I'm happy to bring you my first email update of the session. As a member of the Washington state House of Representatives, I have the opportunity to periodically send out legislative email updates. If you think you've received this message in error, or do not want to receive email updates from me, simply click the unsubscribe link below.
You may have seen my video on education last week. It's been the biggest topic in the Legislature this week too. If you haven't seen it, you can watch it here.
Since we recorded this video last week, even more has changed. The discussion over education will continue as all parties look for solutions to make sure every child in the state gets an excellent education and the chance to success. Keeping you up-to-date on the plan to fund education is a top priority of mine, so I want to take a moment to bring you up to speed.
Funding K-12 education
There are currently several plans floating around Olympia to fund education. Here are the most high-profile proposals and what they might do if passed.
Released in mid-December, Governor Inslee's plan calls for $4.5 billion in new taxes to fund education. It has some positives, but in my current view leaves much to be desired. Most fundamentally, it fails to address the achievement gap between rich and poor kids in the state and contains none of the commonsense reforms I support. Simply put, it throws money into a broken system with no framework to fix the underlying problems.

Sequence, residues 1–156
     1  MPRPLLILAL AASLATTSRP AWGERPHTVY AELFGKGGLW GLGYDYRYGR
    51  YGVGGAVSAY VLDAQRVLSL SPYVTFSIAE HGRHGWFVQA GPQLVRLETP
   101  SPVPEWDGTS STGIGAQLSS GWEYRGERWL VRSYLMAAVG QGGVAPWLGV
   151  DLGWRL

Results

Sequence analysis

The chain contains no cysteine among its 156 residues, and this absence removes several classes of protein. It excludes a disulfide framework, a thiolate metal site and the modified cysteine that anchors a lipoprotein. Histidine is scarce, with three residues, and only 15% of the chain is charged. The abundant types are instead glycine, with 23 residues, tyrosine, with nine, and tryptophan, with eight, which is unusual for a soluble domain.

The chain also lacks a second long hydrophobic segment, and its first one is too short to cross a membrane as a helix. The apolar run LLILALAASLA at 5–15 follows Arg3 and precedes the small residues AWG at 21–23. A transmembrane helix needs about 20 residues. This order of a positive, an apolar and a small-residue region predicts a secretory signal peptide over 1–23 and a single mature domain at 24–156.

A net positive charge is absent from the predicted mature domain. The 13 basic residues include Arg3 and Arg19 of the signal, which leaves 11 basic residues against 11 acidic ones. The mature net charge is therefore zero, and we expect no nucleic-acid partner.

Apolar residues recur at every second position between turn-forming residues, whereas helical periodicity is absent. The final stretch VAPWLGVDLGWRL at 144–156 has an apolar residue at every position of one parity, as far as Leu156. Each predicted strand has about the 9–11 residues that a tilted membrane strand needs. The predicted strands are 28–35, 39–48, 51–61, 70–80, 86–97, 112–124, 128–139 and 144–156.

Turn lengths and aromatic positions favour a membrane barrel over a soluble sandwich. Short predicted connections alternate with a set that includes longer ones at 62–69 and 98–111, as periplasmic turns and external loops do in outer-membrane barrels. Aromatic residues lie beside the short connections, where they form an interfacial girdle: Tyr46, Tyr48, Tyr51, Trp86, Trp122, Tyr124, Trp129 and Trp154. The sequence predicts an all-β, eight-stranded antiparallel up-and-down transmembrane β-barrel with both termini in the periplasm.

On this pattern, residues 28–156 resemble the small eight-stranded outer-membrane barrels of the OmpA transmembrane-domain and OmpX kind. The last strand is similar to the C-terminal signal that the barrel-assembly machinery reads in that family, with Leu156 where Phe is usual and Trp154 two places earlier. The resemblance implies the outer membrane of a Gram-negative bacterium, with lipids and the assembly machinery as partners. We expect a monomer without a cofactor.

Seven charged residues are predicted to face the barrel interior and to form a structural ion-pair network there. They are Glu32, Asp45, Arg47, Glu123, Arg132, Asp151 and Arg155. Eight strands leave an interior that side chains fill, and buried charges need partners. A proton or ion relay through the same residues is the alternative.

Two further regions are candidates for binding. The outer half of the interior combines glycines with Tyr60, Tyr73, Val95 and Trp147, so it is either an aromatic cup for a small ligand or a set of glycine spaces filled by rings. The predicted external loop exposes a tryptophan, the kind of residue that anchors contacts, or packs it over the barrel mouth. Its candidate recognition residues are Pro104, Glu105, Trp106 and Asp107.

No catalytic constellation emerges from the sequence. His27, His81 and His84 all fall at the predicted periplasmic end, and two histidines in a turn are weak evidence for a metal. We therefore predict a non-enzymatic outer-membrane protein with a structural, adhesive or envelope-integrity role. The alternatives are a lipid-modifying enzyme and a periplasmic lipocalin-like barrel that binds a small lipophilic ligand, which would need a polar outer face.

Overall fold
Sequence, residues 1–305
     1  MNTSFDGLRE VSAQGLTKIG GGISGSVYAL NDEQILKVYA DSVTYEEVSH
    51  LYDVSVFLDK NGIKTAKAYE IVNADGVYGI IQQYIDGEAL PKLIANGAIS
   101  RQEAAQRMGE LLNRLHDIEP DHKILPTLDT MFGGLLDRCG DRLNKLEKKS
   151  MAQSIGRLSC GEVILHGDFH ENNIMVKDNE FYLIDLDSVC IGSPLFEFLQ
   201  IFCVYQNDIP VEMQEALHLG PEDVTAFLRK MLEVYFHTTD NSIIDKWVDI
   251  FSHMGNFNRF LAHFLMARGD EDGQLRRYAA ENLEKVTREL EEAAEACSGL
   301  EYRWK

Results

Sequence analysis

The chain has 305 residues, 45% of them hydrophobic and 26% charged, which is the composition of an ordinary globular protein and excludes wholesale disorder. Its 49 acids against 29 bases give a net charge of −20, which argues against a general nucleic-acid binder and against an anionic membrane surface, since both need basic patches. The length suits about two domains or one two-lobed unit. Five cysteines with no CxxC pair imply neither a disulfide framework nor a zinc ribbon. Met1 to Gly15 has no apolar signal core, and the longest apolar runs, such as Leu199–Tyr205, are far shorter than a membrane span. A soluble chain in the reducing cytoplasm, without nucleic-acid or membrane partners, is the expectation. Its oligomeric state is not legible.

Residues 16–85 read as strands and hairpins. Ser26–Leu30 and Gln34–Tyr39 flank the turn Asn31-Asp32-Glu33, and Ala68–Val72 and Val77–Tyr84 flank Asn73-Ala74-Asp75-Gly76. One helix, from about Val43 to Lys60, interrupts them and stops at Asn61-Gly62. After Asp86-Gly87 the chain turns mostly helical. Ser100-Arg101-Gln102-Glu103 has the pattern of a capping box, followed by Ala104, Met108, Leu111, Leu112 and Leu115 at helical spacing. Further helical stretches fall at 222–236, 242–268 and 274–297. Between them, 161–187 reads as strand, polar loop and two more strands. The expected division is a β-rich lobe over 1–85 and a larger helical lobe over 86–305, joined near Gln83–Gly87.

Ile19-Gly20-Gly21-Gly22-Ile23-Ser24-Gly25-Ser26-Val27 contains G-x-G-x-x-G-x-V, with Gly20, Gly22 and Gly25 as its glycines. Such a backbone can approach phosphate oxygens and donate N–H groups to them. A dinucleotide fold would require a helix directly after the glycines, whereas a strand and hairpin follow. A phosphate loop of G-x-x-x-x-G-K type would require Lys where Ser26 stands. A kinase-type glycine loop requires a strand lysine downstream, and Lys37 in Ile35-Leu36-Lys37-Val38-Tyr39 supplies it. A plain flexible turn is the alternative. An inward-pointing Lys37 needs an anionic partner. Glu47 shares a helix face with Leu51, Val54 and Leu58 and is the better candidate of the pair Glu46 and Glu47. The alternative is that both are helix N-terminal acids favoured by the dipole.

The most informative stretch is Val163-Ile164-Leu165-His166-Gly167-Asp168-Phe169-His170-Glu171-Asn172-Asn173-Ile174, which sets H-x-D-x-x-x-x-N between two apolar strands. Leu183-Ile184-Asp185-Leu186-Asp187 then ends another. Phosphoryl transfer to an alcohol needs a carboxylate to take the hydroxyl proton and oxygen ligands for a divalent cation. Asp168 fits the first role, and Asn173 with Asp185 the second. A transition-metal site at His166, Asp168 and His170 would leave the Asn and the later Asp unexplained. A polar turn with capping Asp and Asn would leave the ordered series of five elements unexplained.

The House Democrat plan is much like Governor Inslee's plan. It calls for $6.5 billion in new taxes but fails to say clearly how that revenue will be raised. People and businesses deserve to know how this approach would financially impact them.
It also does not sufficiently address the core problems raised by the initial McCleary decision – that the state relies too heavily on local levies. This broken system has left our poorest and most vulnerable children behind.
The Senate Republican plan changes the current funding structure to provide dependable and equitable funding for each student and his or her unique needs. The Senate Republican Plan also increases beginning teacher pay to $45,000. This is especially important to me, as I believe student success begins with the quality of the teacher at the front of the classroom.
Most importantly, this plan would promote local control and empower local decision makers to end reliance on local levies and give school districts more flexibility to hire the most qualified teachers. I look forward to closely analyzing how it could benefit our high-performing school districts in East King County, and I believe it's good start to the right discussion.
So what does it all mean? It means there are many ideas being circulated and the conversations are ongoing. I prefer to move past partisanship, because no one person or party has a trademark on good ideas. I believe that by working together we can create a brighter future for every Washington student.
Day of Remembrance | Feb. 15, 2017
I had the chance to speak on the floor of the house about the Day of Remembrance, recalling the grave injustice of Japanese-Americans being interned en masse during World War II. You can watch my remarks here.
As plans to fund education continue to move through the legislative process, I look forward to hearing directly from you on the issues that are important to all of us. Please call my office, email me, or schedule an appointment at any time.